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Testing Real Business Cycles Models in an Emerging Economy

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  • Raphael Bergoeing
  • Raimundo Soto

Abstract

RBC models have been successful when applied to developed economies: their abilities in replicating the data of emerging countries remain largely unexplored. The rapid but unstable growth process in developing countries and their relatively less developed market structure pose a formidable challenge to neoclassical general equilibrium models. Using data of the Chilean economy, we explore the effects of market rigidities and macroeconomic policies on the dynamics of consumption, investment, inflation and factor markets. We find that business cycles models replicate much of the observed fluctuations of real and monetary variables in the Chilean economy, despite its idiosyncratic economic structure. Using a calibrated model we find that technology shocks, fiscal policies and labor market rigidities are the main sources of economic cycles, while monetary policies and wage indexation play a minor role. Econometric tests support the use of our calibrated model as an adequate representation of the Chilean data.

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Paper provided by Central Bank of Chile in its series Working Papers Central Bank of Chile with number 159.

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Date of creation: Jun 2002
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Handle: RePEc:chb:bcchwp:159

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  1. Jess Benhabib & Richard Rogerson & Randall Wright, 1991. "Homework in macroeconomics: household production and aggregate fluctuations," Staff Report, Federal Reserve Bank of Minneapolis 135, Federal Reserve Bank of Minneapolis.
  2. Hofman, Andre A, 2000. "Standardised Capital Stock Estimates in Latin America: A 1950-94 Update," Cambridge Journal of Economics, Oxford University Press, Oxford University Press, vol. 24(1), pages 45-86, January.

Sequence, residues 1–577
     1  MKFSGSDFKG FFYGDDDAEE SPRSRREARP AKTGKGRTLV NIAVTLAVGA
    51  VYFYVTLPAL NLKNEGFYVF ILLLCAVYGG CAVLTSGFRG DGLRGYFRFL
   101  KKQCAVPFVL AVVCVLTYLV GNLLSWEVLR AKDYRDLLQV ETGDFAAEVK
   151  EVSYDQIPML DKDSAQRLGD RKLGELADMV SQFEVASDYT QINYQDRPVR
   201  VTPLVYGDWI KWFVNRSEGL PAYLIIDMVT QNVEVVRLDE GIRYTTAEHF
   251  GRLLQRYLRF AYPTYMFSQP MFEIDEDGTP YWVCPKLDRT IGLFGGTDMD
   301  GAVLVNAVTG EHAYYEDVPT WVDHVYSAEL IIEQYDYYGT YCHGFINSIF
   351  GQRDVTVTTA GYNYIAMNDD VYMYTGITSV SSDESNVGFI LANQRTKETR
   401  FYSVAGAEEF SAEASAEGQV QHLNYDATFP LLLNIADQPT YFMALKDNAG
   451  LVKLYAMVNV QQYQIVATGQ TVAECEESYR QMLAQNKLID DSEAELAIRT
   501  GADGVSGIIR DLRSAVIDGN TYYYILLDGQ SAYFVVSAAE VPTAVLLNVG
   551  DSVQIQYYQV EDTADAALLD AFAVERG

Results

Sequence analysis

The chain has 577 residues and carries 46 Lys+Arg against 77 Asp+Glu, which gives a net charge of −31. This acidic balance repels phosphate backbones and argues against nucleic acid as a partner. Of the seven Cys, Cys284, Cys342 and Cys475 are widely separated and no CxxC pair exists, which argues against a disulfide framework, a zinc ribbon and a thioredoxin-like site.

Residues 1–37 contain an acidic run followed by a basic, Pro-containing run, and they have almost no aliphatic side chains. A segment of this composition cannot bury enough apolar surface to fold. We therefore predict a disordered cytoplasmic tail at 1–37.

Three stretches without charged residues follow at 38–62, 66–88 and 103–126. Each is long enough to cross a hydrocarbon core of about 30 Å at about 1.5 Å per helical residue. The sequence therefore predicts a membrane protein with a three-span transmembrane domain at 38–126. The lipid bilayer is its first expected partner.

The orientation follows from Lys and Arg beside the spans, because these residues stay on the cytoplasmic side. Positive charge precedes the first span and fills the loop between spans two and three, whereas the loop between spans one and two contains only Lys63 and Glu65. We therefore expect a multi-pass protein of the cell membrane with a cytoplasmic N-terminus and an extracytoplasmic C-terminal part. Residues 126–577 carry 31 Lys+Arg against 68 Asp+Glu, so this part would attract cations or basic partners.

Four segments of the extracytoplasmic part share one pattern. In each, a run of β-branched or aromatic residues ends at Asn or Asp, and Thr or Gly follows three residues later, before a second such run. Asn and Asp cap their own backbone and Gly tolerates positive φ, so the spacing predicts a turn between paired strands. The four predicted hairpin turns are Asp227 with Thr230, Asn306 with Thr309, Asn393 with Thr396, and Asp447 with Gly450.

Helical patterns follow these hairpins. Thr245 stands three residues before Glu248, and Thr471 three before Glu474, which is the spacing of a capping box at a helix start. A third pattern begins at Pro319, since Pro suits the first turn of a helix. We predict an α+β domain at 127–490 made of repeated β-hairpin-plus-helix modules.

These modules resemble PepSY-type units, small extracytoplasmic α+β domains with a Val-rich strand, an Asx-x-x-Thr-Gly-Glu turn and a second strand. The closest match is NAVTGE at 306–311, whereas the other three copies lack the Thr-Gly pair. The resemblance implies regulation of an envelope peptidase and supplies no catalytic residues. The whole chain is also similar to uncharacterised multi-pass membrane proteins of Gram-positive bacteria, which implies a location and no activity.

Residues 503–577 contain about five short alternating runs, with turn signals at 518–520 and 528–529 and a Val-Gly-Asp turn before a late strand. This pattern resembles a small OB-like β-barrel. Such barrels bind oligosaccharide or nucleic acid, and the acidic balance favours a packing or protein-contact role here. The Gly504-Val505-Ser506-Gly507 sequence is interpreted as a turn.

3. Canova, Fabio, 1998. "Detrending and business cycle facts," Journal of Monetary Economics, Elsevier, vol. 41(3), pages 475-512, May.
  4. Hansen, Gary D., 1985. "Indivisible labor and the business cycle," Journal of Monetary Economics, Elsevier, vol. 16(3), pages 309-327, November.
  5. Guay, A & St-Amant, P, 1996. "Do Mechanical Filters Provide a Good Approximation of Business Cycles?," Working Papers-Department of Finance Canada, Department of Finance Canada 1996-2, Department of Finance Canada.
  6. Raphael Bergoeing & Juan Enrique Suárez, . "¿Qué debemos explicar?: Reportando las Fluctuaciones Agregadas de la Economía Chilena," ILADES-Georgetown University Working Papers, Ilades-Georgetown University, Universidad Alberto Hurtado/School of Economics and Bussines inv112, Ilades-Georgetown University, Universidad Alberto Hurtado/School of Economics and Bussines.
  7. Watson, Mark W., 1986. "Univariate detrending methods with stochastic trends," Journal of Monetary Economics, Elsevier, vol. 18(1), pages 49-75, July.
  8. Rogerson, Richard & Wright, Randall, 1988. "Involuntary unemployment in economies with efficient risk sharing," Journal of Monetary Economics, Elsevier, vol. 22(3), pages 501-515.
  9. Burnside, Craig & Eichenbaum, Martin & Rebelo, Sergio, 1993. "Labor Hoarding and the Business Cycle," Journal of Political Economy, University of Chicago Press, University of Chicago Press, vol. 101(2), pages 245-73, April.
  10. Beveridge, Stephen & Nelson, Charles R., 1981. "A new approach to decomposition of economic time series into permanent and transitory components with particular attention to measurement of the `business cycle'," Journal of Monetary Economics, Elsevier, vol. 7(2), pages 151-174.
  11. Canova, Fabio, 1998. "Detrending and business cycle facts: A user's guide," Journal of Monetary Economics, Elsevier, vol. 41(3), pages 533-540, May.
  12. Douglas Gollin, 2002. "Getting Income Shares Right," Journal of Political Economy, University of Chicago Press, University of Chicago Press, vol. 110(2), pages 458-474, April.
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